Monday, July 14, 2008

The Legacy Continues - Part 2 - Meyer

“The Sixties Scoop” is what Aboriginal people call the en masse removal of Aboriginal children from their homes and communities – and the placement of these children into non-Aboriginal foster homes.

Some people believe this was a direct attempt on the government’s part to further the cultural genocide begun with the residential schools – their stated policy to “kill the Indian in the child.”

But when Prime Minister Stephen Harper apologized on June 11, 2008, to the Aboriginal people of Canada for the residential school fiasco, he was also apologizing to the people who did not go to Indian boarding schools but who still suffered the effects.

The kids that were taken away from their parents at age 4, 5, or 6 and were not returned until they were teens (usually at age 16), found they were no longer equipped (with language and life skills) to live on the reservations but they were also unable to live in white society. Their attempts to disclose about the sexual and physical abuse they had experienced were met with disbelief and denial. Many of these teens turned to alcohol to numb the pain.

Then these kids had kids. And those kids were taken into foster care.

My mother took care of approximately 1,000 First Nations children over a period of about 30 years. The average number in our household was 20-25. (photo insert is of kids at my mother's house - I'm 4th from the left in the back row). Back then, a lot of kids shared rooms and even beds, so that part was fairly normal but the very high number of children in our home didn’t allow for much individuality or personal development. And, as with the residential school system, being taken away from EVERYTHING that was familiar to you and being plunged into a totally foreign environment away from your mom and dad and grandma and grandpa, probably had the most detrimental effect on these children.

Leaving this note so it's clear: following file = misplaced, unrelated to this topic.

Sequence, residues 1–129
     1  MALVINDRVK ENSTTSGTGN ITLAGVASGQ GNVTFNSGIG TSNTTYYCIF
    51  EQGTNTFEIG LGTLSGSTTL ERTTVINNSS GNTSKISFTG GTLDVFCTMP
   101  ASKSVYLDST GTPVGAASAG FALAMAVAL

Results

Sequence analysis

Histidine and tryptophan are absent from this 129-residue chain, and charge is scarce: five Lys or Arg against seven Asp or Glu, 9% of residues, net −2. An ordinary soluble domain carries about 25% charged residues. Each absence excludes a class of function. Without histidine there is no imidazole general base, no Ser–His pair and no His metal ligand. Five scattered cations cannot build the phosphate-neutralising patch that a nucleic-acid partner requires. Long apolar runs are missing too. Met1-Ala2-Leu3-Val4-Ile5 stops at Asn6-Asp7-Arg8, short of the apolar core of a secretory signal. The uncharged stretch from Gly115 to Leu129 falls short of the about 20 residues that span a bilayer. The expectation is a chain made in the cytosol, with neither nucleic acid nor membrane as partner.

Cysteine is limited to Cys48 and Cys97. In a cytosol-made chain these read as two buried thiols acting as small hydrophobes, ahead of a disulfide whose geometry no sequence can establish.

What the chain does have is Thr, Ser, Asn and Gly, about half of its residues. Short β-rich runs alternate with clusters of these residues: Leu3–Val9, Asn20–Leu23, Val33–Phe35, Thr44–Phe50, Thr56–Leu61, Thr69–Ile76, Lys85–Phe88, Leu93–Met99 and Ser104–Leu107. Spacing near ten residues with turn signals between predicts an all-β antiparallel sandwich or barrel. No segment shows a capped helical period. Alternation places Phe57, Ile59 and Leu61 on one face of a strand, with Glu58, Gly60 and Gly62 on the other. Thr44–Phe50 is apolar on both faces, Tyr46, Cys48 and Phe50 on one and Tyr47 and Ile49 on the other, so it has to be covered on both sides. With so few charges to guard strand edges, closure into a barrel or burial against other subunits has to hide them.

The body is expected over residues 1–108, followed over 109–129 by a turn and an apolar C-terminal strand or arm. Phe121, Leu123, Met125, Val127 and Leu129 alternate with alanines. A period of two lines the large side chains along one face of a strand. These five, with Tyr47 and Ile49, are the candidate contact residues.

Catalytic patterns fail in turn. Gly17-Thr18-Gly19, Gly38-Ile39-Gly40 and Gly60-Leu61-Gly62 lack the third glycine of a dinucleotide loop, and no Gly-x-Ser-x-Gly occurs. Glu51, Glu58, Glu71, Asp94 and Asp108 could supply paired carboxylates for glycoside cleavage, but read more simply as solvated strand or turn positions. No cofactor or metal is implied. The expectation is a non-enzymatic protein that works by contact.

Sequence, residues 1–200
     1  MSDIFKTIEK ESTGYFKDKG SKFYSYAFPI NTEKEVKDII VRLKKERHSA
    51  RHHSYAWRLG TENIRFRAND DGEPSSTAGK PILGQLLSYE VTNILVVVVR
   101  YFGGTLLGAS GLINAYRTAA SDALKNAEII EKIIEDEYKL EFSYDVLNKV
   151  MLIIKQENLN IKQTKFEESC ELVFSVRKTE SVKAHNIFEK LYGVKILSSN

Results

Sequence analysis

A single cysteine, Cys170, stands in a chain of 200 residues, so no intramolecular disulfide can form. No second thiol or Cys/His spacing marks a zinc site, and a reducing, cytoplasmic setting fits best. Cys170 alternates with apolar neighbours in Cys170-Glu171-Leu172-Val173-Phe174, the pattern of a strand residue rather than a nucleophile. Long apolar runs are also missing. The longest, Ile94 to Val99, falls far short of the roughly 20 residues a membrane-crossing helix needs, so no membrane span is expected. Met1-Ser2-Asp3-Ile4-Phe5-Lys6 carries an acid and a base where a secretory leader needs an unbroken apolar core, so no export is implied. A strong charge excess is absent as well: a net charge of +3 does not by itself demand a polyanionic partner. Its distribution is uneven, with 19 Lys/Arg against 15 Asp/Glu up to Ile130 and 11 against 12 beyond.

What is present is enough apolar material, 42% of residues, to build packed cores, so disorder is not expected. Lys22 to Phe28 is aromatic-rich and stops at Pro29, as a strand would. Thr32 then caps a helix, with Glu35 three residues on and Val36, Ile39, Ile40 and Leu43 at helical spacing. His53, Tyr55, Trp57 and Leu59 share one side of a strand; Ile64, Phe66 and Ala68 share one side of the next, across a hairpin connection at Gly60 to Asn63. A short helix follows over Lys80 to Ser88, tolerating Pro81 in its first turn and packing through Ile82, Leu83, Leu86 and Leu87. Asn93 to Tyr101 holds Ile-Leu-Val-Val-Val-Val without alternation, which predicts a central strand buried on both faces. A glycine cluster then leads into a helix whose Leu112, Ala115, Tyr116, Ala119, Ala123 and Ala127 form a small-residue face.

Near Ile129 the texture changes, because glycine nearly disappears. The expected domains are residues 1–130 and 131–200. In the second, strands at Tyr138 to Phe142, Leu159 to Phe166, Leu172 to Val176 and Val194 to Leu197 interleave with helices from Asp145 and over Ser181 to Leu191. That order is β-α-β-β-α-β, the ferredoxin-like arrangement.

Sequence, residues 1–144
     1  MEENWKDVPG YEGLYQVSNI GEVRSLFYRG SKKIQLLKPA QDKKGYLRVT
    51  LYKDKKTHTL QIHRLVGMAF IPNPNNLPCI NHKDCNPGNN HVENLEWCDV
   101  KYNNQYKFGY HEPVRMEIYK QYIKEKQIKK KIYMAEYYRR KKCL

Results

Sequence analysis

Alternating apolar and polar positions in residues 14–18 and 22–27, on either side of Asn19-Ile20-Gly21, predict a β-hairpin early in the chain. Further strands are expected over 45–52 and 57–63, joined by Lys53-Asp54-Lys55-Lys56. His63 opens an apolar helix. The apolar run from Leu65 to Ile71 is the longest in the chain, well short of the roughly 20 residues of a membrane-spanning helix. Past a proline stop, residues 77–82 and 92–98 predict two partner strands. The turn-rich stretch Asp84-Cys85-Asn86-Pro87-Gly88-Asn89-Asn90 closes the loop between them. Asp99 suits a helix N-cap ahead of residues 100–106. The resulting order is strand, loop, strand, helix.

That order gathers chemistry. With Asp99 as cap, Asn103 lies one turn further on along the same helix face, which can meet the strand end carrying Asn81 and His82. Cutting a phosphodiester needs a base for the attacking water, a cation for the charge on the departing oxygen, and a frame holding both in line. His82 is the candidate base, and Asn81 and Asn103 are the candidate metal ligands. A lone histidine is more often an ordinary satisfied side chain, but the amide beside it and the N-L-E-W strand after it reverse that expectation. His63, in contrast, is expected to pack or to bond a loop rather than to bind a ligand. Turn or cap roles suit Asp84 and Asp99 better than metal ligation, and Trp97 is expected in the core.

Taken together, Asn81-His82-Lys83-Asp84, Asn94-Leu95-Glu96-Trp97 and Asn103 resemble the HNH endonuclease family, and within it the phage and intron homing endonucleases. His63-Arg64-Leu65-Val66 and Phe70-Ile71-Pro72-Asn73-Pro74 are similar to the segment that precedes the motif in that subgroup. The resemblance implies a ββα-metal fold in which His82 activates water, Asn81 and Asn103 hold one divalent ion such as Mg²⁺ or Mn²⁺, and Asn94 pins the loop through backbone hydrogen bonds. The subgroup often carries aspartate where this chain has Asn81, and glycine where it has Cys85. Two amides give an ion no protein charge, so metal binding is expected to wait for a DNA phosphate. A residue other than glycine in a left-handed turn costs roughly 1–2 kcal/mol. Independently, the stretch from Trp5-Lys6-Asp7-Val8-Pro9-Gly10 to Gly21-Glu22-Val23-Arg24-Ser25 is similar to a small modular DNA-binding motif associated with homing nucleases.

And because these were the kids of the kids who had been taken away into residential school facilities, this effected an entire generation (or possibly two or three or four generations, depending on how you want to count it).

The legacy of residential schools will be with us for a while yet. Many, many First Nations people are rising above the crippling effects of this government policy (one organization that is doing great work is I believe that Stephen Harper’s apology will help. Our attitudes will also help. As representatives of Jesus, let’s not mess up this time ‘round.

Dorene Meyer
Author of Deep Waters, a compelling contemporary novel that will give you the opportunity to “walk a mile in the shoes” of Gracie, a First Nations residential school survivor, and experience her reconciliation to Sarah, the daughter who had been taken away from her at birth.

There is no “them and us” – there is only “us.”

1 comment:

Linda Wegner said...

Thanks so much for this blog and for your writing. As non-First Nation people, we're suffering the effects as well: stereotypical images of ne'er do well "Indians" are branded in our minds as a result of these injustices. As you wrote, let's get it right this time - both nationally and individually.

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